|| Checking for direct PDF access through Ovid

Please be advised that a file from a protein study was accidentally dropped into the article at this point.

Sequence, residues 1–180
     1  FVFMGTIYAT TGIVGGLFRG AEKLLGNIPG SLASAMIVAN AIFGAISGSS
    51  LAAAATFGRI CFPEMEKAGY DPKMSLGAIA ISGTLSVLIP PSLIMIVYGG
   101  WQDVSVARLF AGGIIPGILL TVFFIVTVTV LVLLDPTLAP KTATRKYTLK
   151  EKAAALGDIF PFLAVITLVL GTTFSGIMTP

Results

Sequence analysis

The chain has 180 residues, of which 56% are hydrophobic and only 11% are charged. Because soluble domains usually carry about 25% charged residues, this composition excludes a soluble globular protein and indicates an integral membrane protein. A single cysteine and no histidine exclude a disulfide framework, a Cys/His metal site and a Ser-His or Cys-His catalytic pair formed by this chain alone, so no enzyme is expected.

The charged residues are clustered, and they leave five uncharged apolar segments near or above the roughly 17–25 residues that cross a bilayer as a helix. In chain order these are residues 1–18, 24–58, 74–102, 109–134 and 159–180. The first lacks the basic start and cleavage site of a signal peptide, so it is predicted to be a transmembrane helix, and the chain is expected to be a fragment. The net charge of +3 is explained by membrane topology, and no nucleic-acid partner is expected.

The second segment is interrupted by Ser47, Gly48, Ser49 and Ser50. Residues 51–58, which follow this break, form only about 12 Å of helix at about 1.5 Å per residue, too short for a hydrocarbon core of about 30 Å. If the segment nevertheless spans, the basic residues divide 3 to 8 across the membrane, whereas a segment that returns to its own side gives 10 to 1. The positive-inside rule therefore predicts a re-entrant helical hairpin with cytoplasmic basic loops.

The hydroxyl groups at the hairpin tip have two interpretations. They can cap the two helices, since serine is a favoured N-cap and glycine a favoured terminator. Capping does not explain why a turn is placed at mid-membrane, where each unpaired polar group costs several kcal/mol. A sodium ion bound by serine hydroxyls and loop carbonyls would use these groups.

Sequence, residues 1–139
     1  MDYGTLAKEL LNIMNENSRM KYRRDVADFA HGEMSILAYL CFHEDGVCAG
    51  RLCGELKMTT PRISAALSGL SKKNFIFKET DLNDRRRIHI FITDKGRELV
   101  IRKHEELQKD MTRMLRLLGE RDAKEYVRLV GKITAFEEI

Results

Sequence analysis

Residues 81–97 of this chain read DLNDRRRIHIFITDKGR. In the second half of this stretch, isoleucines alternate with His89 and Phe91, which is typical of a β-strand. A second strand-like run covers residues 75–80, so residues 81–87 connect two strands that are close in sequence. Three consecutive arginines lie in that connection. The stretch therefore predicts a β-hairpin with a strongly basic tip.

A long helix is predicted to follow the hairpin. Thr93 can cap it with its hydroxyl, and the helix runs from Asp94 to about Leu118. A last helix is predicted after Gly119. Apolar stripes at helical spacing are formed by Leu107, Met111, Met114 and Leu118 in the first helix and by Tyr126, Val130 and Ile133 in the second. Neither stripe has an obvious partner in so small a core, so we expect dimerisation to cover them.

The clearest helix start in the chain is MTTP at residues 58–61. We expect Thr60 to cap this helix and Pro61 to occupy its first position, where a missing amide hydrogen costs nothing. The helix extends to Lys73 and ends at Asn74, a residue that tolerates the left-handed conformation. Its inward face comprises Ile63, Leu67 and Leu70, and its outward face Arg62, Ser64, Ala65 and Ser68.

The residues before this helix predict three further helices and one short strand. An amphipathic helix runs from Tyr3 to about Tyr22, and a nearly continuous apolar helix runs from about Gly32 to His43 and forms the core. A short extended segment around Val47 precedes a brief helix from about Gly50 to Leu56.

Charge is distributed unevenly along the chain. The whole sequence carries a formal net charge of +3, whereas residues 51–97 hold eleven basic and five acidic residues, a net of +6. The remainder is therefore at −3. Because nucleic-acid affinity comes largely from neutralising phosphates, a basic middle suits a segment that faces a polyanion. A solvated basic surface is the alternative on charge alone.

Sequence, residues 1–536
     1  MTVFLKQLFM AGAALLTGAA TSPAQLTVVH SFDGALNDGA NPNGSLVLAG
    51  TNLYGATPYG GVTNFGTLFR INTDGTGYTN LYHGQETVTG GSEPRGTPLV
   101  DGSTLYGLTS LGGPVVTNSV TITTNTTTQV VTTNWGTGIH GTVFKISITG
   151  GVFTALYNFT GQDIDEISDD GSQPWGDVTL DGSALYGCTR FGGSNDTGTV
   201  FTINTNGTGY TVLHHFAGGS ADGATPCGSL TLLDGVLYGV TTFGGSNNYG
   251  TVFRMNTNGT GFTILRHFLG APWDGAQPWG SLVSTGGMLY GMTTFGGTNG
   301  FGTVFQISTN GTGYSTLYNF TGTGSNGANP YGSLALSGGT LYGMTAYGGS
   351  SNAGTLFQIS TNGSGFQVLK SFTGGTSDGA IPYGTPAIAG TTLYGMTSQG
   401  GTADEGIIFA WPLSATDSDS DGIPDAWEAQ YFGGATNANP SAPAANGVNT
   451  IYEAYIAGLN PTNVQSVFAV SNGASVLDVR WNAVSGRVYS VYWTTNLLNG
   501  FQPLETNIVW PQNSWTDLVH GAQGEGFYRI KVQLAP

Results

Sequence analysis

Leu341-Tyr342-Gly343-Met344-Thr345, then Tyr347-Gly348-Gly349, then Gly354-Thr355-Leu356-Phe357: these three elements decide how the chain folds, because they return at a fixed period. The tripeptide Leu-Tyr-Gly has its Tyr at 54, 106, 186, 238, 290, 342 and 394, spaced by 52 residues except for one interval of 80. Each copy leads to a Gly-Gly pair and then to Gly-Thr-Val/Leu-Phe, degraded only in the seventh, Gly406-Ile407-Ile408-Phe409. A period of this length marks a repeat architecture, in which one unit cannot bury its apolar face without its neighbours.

Pediatric infectious endophthalmitis is a serious sight-threatening disease for children. The purpose of this study was to investigate the etiology, microbiological spectrum, and visual outcomes of infectious endophthalmitis in children at a single institution in China.It is a retrospective study of the medical records of all patients under 14 years of age with histories of infectious endophthalmitis, treated at a single institution from January 1, 2009 to January 1, 2015. The clinical characteristics, etiology, microbiological spectrum, and management, as well as the visual outcomes, were analyzed. The Kappa test and Chi-square test were used in the statistical evaluation.A total of 271 children were identified, with a mean age of 5.61 ± 2.93 years (range 5 months to 14 years). Ocular trauma (94.8%) and previous ocular surgery (3.0%) were the most common etiologies. Overall, 147 (54.2%) cases had positive cultures, and 176 organisms were isolated from these patients. A single species was isolated in 120 (81.6%) cases, with multiple organisms in 27 (18.4%) cases, and the most commonly identified organisms were coagulase-negative Staphylococcus and Streptococcus species, comprising 29.5% and 26.8% of the isolates, respectively. Moreover, of 176 isolates, 142 (80.8%) were Gram-positive organisms, 23 (13.0%) were Gram-negative organisms, and 11 (6.2%) were fungi. The final visual outcomes were 20/200 or better in 66 (24.4%) eyes, counting fingers to 20/200 in 34 (12.5%), hand motions in 30 (11.1%), light perception in 33 (12.2%), no light perception in 32 (11.8%), and 9 (3.3%) eyes were enucleated or eviscerated. The visual outcomes were not available in 67 (24.7%) patients.Penetrating ocular trauma is the most frequent cause of pediatric endophthalmitis in China. Streptococcus and Staphylococcus species are the most commonly identified organisms in exogenous pediatric endophthalmitis whereas Fusarium species are commonly seen in endogenous endophthalmitis. In this research, in spite of aggressive management with antibiotics and vitrectomy, the visual prognosis was found to be generally poor.